Building the Dream

Tasman Bay Herbs

Tasman Bay Herbs specialise in a range of herb products.

In the face of formidable challenges, Tasman Bay Herbs today supplies 30 different varieties of culinary herbs and salad green to supermarkets across NewZealand.

From a random encounter with a book on hydroponics 13 years ago, Don Grant and his then wife, Yoka De Houwer, went from 375 square metres of glasshouse in New Zealand’s Riwaka’s Dehra Doon valley to about 5000sqm growing fresh herbs hydroponically – under the banner of Tasman Bay Herbs – for supermarkets from Auckland to Queenstown.

“Yoka loved to cook but couldn’t buy fresh herbs in any supermarkets,” Don said.

“We discovered a demand from restaurants for fresh herbs so bought two hectares at Riwaka, 7km from Motueka and built a small 375sqm greenhouse to grow culinary herbs.”

These days Tasman Bay Herbs produces some of the freshest, most in-demand herbs in the country, however, their path to success has not been without its challenges.

Although not formally trained in business, they did have a passion to learn.

“We enrolled in a two-week seminar in Nelson to learn how to run a small business,” said Don.

“One day at lunch time Yoka saw a book on hydroponics. We were hooked on growing that way immediately. No weeds, no bending down, faster production, clean produce. We didn’t know anything about hydroponics and it has been quite a journey.”

“The vision at the start was to supply local Nelson restaurants. Yoka was quite happy with this while I immediately wanted to get larger and supply restaurants all over NZ.”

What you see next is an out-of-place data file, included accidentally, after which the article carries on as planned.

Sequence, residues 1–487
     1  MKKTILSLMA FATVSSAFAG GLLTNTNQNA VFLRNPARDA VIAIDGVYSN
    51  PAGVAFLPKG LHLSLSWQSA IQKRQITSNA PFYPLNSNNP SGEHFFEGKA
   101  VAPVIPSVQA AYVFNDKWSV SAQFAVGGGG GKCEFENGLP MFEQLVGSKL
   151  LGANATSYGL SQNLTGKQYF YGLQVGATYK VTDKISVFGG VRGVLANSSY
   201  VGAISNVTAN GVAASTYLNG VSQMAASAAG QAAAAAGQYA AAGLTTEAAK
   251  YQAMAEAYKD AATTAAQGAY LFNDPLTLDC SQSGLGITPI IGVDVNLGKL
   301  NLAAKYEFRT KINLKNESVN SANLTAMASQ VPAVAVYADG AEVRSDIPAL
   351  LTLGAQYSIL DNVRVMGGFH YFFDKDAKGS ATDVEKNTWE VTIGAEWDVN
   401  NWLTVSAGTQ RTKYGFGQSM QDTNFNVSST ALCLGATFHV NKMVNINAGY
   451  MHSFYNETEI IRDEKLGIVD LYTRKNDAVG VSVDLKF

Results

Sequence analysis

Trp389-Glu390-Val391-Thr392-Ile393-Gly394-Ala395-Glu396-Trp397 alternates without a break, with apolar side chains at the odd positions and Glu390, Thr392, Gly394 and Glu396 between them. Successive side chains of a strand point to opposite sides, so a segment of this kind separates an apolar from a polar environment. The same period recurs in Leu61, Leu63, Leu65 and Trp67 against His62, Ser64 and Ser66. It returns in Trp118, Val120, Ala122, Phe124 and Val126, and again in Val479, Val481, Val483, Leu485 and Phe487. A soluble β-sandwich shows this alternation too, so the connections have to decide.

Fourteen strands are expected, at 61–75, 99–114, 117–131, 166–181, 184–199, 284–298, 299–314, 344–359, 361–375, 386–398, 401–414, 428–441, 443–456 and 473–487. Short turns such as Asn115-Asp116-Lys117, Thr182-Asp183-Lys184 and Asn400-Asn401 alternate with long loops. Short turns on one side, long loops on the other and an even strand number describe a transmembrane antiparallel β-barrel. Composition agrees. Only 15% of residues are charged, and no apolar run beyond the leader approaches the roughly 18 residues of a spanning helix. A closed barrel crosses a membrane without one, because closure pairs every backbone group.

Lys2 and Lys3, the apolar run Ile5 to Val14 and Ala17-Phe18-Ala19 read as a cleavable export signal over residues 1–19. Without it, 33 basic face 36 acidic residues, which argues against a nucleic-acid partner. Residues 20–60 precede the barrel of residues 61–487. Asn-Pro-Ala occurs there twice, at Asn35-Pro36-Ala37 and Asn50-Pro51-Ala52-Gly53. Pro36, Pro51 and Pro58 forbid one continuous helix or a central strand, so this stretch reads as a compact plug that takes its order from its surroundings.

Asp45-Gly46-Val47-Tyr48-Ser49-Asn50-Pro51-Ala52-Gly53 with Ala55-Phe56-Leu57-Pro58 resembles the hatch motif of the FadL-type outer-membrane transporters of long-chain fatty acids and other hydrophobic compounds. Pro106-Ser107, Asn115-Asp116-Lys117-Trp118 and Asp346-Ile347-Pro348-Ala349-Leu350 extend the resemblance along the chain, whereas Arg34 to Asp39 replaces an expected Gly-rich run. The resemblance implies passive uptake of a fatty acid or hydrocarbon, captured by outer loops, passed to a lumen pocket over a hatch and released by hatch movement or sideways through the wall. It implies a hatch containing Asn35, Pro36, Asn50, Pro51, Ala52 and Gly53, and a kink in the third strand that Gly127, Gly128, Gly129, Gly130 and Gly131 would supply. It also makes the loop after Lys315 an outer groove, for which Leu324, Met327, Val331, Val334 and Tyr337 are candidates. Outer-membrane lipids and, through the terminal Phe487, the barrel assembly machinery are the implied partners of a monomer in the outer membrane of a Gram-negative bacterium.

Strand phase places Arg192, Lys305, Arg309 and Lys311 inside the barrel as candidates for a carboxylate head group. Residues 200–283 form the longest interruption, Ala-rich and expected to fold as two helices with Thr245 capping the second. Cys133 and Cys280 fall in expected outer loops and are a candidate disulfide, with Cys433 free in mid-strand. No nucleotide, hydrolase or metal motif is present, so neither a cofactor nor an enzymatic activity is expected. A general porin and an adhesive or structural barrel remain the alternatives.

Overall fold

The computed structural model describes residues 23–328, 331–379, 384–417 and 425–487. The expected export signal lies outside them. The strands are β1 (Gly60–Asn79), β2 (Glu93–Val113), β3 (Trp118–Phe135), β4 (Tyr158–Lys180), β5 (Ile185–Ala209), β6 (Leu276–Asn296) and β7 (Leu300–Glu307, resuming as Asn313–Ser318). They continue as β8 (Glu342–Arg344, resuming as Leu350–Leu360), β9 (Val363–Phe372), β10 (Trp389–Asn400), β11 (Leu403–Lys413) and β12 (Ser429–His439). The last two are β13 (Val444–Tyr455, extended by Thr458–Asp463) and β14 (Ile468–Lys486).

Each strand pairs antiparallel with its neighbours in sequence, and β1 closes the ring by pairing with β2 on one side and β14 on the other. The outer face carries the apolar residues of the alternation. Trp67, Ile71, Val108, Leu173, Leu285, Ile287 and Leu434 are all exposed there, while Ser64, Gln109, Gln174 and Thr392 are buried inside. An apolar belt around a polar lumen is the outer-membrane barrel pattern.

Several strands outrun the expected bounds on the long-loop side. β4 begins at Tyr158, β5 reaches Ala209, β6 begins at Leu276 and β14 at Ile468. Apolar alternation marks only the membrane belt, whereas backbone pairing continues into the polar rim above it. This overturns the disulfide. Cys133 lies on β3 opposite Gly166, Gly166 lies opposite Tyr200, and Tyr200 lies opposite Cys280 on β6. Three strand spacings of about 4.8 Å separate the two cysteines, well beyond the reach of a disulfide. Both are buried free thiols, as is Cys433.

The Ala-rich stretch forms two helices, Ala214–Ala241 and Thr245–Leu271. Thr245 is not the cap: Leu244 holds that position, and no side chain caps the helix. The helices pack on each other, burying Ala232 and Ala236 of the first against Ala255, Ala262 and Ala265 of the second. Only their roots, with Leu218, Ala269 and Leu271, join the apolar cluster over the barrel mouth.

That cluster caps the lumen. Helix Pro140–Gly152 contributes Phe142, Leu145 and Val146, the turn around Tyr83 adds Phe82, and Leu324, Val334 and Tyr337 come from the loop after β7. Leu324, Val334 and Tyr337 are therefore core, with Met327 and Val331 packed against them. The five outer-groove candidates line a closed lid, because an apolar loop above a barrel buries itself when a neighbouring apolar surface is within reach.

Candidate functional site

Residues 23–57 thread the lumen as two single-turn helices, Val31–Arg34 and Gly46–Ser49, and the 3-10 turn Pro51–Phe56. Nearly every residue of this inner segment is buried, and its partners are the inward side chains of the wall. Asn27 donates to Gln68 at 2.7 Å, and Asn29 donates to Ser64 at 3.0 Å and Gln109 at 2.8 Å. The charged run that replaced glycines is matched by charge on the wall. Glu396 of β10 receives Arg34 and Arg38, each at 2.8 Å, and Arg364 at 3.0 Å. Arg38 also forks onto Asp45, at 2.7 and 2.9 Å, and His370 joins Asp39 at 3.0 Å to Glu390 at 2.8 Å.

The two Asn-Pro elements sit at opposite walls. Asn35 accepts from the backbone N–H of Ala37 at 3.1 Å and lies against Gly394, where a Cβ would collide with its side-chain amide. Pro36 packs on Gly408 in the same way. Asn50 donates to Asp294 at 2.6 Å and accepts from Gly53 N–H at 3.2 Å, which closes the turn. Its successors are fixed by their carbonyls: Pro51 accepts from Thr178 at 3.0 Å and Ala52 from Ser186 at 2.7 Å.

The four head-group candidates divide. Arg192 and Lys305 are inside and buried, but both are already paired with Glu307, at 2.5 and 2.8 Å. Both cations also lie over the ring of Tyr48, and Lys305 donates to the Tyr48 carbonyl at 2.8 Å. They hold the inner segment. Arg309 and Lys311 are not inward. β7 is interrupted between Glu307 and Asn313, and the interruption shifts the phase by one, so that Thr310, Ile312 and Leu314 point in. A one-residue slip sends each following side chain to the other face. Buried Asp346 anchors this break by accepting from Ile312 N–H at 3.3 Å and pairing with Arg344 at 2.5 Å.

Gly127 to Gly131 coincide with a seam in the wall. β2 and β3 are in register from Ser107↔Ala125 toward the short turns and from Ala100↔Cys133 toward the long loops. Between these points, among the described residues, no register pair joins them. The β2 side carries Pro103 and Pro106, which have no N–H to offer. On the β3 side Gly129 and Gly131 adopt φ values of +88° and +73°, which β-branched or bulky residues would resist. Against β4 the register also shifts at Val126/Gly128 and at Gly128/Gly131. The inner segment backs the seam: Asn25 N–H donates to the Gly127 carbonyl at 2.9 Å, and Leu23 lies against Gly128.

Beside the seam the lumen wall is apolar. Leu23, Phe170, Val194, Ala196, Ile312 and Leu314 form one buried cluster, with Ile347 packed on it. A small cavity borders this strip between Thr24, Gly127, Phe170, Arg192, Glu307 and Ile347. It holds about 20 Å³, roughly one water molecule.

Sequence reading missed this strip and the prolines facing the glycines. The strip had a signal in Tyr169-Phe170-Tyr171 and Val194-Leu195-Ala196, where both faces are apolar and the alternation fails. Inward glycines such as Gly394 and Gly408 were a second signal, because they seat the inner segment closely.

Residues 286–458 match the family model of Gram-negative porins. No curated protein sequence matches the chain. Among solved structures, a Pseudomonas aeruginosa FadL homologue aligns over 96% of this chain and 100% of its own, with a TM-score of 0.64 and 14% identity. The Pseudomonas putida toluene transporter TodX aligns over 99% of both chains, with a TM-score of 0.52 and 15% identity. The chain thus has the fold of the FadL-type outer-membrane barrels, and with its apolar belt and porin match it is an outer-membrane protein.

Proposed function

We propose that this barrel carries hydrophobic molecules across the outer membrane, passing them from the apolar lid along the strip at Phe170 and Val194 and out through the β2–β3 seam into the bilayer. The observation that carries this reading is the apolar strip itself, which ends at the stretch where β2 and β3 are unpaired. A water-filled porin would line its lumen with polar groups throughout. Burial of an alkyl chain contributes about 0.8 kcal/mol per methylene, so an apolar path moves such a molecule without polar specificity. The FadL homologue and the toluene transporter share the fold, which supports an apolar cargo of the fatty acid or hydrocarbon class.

From the start, the idea behind Tasman Bay Herbs was to be the best, the freshest, and the most innovative in the market.

Salad Daze bags

Salad Daze bags.

“We launched into retail in March 1997 at New World Motueka, and that same year we were the first company in New Zealand to have salad in bags. We were also the first to supply them in breathable bags, which keeps the product much fresher and a longer shelf life,” he said.

“I think we’re reasonably good growers now – certainly our products are the best available.”

“We’ve never been able to keep up with demand in the winter. That’s why we want to keep expanding. People are constantly telling us how they go into their supermarkets and can’t buy our rocket, or watercress as it often sells out within a day of arriving,” Don said.

“Our staff are the key to our success. We have a wonderful team of 17 who genuinely care about the herbs they produce, the quality that goes into each packet and the welfare of each member of that team.

Picking calendulas

Picking calendulas, which Tasman Bay Herbs uses as edible flowers in its Salad Daze bags.

“That has been one of the major delights – building a business rurally that employs locals and giving back to the community,” he said.

Sadly, tragedy struck in 2010 when Ms De Houwer was diagnosed with a rare form of cancer. Subsequently, she sold her half of Tasman Bay Herbs to Bryce Gilchrist, a former general manager of corporate affairs for NZ King Salmon.

In 2013, Mrs De Houwer passed away. Following this, Don and Bryce became full partners, with Don looking after the marketing and day-to-day operations, while Bryce takes care of the planning, HR, and financial side.

Don and Bryce being presented their Ora grant by Westpac’s Ora grant.

Don and Bryce being presented their Ora grant by Westpac’s Damian Sharkey.

In 2015, as testament to their hard work and vision, Tasman Bay Herbs was awarded a $25,000 grant from the Ora Dreams Project, an initiative established to fuel the dreams of Kiwi businesses.

“(This grant) helped us connect with our consumers – especially in the cities. We’re from rural NZ, an idyllic area where life is a little slower,” Don said.

“We’d love to learn what our consumers think of our herbs, get them sharing recipes online, asking us questions about herbs and learning all about the health benefits you get from fresh herbs through Facebook, our website, and other social media.”

“We’d like to be at the forefront of the culinary herb industry, and to be in at least one supermarket or produce store in every town and city in New Zealand,” he said. Ω

PH&G November-December 2017 / Issue 185